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Let's regulate short-term let platforms like Airbnb before tourism kicks back in, says housing minister

Housing and tourism departments are in discussions about platform regulations.

Minister Darragh O'Brien says illegal evictions should be reported.
Minister Darragh O'Brien says illegal evictions should be reported.

DISCUSSIONS ON HOW Ireland might regulate short-term let platforms like AirBnb are underway between the Department of Housing and the Department of Tourism. 

Regulations in the area that came into effect last year only allow home-sharing where a house is a person’s primary residence and is within designated ‘rent pressure zones’.

Since last July, home-sharing – where people rent out a part or all of their home for a period of time, usually to tourists who are visiting the country – can only operate under strict limits which can be monitored by local authorities.

In an interview with TheJournal.ie, Housing Minister Darragh O’Brien said he formally wrote to Tourism Minister Catherine Martin on progressing the issue, and a senior officials group has been set up “to do a bit of work on it”. 

“Now is the time to do it,” said O’Brien, explaining that with tourism being virtually non-existent due to the pandemic, now is the time to make changes.

“I really think there’s an opportunity. Look, there is a role for short-term letting in our hospitality sector, of course there is, but it can’t be disproportionate. 

“You see them in cities like Galway, where there’s an real oversupply of them. The regulation of short term letting platforms, I think is a very important thing that we should be doing.

“I’ve had initial discussions with Minister Catherine Martin, that were pretty positive. I think, really now’s the time to do it before tourism kicks back in,” he said. 

His predecessor Eoghan Murphy had wanted to bring in regulation of the platform, at the same time as enforcement rules, but said it was a matter for the Department of Tourism at the time. 

Sinn Féin housing spokesperson Eoin O’Broin said there should be a State obligation on the companies, such as Airbnb, to share information on lettings with local authorities, as it would make the council’s work of enforcement “a lot easier”. 

Despite the new regulation, he said people can still look on a number of other platforms and see the properties that have been advertised.

He said Dublin City Council need to check property owners have applied for an exemption or planning permission which would allow them let their property, and if not, hit them with enforcement notices.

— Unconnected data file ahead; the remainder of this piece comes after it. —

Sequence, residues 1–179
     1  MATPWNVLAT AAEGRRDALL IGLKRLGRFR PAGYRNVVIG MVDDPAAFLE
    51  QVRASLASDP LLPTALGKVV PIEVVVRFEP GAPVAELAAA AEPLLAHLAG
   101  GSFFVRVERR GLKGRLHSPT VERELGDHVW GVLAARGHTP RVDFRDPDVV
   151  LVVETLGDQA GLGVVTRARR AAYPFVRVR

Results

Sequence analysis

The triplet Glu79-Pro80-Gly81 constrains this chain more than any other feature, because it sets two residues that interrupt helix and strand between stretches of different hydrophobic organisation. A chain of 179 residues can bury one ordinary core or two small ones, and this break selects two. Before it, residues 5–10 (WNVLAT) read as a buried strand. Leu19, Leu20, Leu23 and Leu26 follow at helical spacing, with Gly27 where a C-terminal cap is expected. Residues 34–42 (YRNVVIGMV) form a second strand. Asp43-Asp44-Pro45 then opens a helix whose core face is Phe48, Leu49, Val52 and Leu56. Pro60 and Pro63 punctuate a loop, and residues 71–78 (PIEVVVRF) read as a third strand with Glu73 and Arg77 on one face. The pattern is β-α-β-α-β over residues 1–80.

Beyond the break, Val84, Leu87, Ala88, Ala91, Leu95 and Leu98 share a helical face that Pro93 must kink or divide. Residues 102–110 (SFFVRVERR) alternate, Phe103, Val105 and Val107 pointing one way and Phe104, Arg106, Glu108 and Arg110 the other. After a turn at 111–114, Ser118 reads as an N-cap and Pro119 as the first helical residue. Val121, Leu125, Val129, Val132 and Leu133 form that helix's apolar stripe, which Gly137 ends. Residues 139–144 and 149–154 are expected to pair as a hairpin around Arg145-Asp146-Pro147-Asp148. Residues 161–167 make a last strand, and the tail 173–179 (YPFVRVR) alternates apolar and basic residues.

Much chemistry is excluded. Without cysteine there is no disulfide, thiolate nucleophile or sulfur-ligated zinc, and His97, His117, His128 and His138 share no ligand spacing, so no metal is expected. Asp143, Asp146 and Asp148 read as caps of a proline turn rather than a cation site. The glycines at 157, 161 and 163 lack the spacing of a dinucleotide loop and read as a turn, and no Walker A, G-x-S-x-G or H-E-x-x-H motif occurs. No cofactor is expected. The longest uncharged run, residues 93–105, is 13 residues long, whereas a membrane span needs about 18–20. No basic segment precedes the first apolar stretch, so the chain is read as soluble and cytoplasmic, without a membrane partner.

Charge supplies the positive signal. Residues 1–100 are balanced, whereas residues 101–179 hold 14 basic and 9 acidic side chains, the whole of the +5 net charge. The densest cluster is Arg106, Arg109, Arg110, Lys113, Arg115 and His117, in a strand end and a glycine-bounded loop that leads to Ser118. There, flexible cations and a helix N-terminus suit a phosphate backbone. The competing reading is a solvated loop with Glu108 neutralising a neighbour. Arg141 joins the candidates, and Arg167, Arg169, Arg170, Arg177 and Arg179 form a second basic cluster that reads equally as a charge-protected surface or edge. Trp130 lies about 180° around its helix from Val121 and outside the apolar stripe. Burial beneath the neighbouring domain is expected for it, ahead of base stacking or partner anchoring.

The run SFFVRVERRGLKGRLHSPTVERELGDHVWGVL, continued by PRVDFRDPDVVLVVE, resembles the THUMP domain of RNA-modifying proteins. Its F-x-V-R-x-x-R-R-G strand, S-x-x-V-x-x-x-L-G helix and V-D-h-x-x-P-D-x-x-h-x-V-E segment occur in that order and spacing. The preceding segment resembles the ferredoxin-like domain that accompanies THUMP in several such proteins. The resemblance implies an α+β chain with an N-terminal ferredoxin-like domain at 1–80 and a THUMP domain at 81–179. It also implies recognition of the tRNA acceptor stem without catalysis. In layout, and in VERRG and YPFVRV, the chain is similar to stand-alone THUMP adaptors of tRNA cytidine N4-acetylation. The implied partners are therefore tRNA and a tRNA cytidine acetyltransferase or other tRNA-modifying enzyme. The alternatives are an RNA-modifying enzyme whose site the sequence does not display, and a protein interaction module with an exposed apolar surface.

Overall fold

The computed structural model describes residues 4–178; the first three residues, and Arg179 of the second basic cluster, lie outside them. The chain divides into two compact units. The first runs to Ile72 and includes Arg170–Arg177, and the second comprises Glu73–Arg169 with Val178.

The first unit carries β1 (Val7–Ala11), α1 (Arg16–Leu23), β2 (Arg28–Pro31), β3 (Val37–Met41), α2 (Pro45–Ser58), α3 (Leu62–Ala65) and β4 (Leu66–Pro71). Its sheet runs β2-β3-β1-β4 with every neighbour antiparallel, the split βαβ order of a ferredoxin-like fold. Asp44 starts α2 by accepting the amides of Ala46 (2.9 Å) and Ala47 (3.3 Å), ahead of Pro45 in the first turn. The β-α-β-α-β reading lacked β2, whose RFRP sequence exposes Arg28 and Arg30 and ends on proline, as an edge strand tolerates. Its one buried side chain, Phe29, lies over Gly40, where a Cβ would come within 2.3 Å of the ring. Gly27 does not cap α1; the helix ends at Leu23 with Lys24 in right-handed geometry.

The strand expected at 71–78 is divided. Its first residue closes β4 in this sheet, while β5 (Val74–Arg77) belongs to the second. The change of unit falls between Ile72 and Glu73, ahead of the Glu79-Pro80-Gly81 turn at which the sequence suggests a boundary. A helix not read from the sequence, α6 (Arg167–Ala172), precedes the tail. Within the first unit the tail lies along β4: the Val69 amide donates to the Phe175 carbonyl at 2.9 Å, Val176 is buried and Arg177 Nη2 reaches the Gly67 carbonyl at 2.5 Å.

He said the companies should also be obliged to share their customer and booking information with Revenue, so as to ensure everyone is tax compliant. 

Buying up short-term lets

Previously, O’Brien said the State planned to buy up properties that, before the pandemic, were for rent on short-term letting platforms. Many properties were lying empty.

There has been an increase in the number of rental properties available in Ireland and elsewhere as former short-term lets came back on the market amid the travel restrictions.

“I actually tried to buy a number of them as Minister for Housing. We got some, but not as many as I would have liked,” he said.

He now believes regulation of the platforms themselves is the way forward, saying that while enforcement regulations were brought in by the last government, under Minister Murphy, they were not backed up with the resources they needed to carry out the enforcement.

O’Brien said funding and resources have now been given by his department to the local authorities.

“But we need to go a step further by regulating the platforms, in my view,” he said of their focus going forward. 

Government’s housing plan

While last week’s Cabinet meeting was dominated by the announcement that Covid-19 restrictions were to be re-imposed after Christmas Day, other important pieces of legislation dealing with housing were also approved, and perhaps went under the radar somewhat.

Sinn Féin’s Mary Lou McDonald has consistently asked where the government’s affordable housing plan is, telling the Dáil recently that it was promised in September.

The housing minister disagrees with the Sinn Fein leader that this government isn’t serious about tackling the housing crisis. 

In fact, O’Brien is making big promises about making a dent in the housing crisis next year. 

On affordable cost-rental, he said 400 tenancies will be available in 2021. In the Dáil recently, McDonald pointed out this was 50 less than was previously promised in the Budget.

“These are people above the social welfare threshold and who are working, and the rent will be a minimum, and I say a minimum, 25% below market price, with a long term lease. So this is a whole new model of housing delivery,” said O’Brien.